If your only answer is, “So we have depth that is familiar with the playbook”, you aren’t thinking in the right terms.
Well-run franchises don’t pay for mediocre talent just to keep familiar faces on the roster.
That’s not what I’m worried about. Although, I could argue that well-run teams don’t invest that much draft capital into a position and have it completely implode to the point of cutting bait with all three starters in a single off-season because well-run teams don’t keep the same management around for a rebuild.
Sure, I do wish that the team would’ve retained as much of their defense as the cap allowed to make one last Zimmer-lead push for a Super Bowl as I did think that with Gary Kubiak (and company) being in charge of the offense, back when Stefon Diggs was still a part of the team, perhaps the offense could be elite enough to win with a defense that has been kinda good at its peak.
Instead, the team decided to cut, trade or let players walk into free agency (although there were some that turn the team down) and amass draft picks and cap space to rebuild the defense almost from the ground up. That’s where my fear comes in.
Yes. I did initially react poorly to Waynes or Alexander leaving, as I wasn’t ready to admit this team was going into rebuild mode and perhaps I didn’t think the cap situation was THAT bad. But once they reached a tipping point and now what is best for this team is exactly what Lyso says. However, and again, my fear is that we’re in for a lot more of the same for the next half-decade thanks to the sheer amount of open positions, draft picks and salary-cap space this team has.
Again. Why would we trust Mike Zimmer and Rick Spielman with that process?
Lyso spends the second part of his article essentially stating that we shouldn’t fret as Mike Hughes looked every bit the shutdown corner fans hoped he’d be before going down with an ACL tear during Week 6 of the 2018 season. While he admits that Hughes has struggled since returning, it does take time for players to return to full strength from an ACL and we should give Hughes time to get back to full strength.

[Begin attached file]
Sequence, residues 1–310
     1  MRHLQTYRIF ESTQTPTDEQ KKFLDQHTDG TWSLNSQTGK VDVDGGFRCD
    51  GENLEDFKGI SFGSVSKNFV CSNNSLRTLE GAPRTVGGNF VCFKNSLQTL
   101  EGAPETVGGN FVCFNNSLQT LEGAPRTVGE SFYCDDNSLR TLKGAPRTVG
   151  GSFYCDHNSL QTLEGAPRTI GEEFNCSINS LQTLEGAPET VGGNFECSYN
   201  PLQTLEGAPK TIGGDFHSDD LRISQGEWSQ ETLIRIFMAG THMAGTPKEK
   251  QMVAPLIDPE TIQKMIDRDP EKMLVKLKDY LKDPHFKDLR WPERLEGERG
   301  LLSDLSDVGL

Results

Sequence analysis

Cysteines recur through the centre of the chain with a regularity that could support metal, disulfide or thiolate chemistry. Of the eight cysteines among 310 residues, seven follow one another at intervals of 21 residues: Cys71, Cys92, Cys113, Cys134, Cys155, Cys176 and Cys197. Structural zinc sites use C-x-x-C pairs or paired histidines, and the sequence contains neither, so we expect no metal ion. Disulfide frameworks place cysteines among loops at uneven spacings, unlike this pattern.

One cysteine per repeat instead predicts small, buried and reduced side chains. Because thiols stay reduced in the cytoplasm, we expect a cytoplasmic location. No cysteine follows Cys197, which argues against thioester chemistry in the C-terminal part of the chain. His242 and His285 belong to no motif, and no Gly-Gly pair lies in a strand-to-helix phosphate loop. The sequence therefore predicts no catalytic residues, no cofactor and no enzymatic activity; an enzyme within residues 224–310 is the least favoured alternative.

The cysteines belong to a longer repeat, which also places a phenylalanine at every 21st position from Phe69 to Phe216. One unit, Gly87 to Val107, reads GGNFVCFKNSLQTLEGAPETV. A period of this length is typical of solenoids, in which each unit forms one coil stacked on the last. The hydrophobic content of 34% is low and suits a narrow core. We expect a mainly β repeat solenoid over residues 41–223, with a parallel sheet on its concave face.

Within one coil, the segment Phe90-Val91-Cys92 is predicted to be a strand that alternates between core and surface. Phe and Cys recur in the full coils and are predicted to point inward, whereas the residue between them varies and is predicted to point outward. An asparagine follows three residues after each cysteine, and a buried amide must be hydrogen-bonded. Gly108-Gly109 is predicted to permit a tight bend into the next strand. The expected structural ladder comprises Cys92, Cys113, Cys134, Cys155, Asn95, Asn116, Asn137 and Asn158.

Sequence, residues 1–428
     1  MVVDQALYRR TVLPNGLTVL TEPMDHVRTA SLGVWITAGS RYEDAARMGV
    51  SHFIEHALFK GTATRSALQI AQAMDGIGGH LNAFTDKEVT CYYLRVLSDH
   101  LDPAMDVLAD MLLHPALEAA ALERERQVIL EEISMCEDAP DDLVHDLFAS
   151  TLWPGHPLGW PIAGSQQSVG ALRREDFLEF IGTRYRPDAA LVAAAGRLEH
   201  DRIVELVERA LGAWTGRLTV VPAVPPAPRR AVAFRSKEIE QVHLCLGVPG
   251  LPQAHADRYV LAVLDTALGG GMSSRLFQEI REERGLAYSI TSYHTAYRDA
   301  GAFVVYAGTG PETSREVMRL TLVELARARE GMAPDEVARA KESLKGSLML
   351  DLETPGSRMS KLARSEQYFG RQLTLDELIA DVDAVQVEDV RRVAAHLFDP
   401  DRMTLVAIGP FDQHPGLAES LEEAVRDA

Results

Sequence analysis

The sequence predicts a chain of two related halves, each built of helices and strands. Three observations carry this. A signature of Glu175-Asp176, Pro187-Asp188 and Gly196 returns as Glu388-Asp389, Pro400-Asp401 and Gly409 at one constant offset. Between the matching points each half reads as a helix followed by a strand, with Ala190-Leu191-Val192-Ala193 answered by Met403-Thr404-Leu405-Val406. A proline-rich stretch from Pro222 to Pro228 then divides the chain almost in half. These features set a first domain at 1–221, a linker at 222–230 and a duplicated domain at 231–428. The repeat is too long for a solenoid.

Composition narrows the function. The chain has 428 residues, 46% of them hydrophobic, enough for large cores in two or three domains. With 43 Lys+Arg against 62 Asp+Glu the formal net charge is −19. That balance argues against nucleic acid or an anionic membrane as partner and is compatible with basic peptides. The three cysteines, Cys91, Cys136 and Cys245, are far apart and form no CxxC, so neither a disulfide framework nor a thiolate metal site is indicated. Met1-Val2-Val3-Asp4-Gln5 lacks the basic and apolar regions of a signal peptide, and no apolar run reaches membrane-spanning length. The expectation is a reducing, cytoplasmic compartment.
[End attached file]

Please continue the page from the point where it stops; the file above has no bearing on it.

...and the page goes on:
While that’s true, I don’t… the rest of the article essentially states that other Zimmer/Spielman drafted or coached corners (you know, his supposed strength) weren’t good enough to keep around. Former top 15 pick Trae Waynes? Not worth the $14 million that the Bengals gave him. Former elite CB Xavier Rhodes (who was with the team before Zimmer became the head coach, but didn’t acclimate fully to the position until he was coached by Zimmer)? Was falling apart despite only being 29 years old during the 2019 season and was thus bad enough to just cut (and eat his dead cap space).
Mackenzie Alexander? Lyso states:
“Mackensie Alexander signing with the Cincinnati Bengals for $4M is a bit disappointing, but someone else on the team, quite possibly Anthony Harris, can spend time in the nickel cornerback position.”
So what we have are basically every type of disappointment possible. Rhodes? He was a first-round pick that was with the team before Zimmer was hired and who had a really good run as one of the best corners in the league, but then fell apart and became a huge liability and thus was cut.
Trae Waynes? He was drafted by Zimmer 11th overall and while he had a rough start to his career, he ended up being a more than respectable (and in my opinion and criminally underrated player/source of consistency at the position that had none in 2019) cover corner that also was one of the best run-stopping backs in the entire league. He cashed in on that at the tune of $14 million a year, something the Vikings couldn’t and at this point, shouldn’t have matched (why keep him if you’re going to tear everything else down?).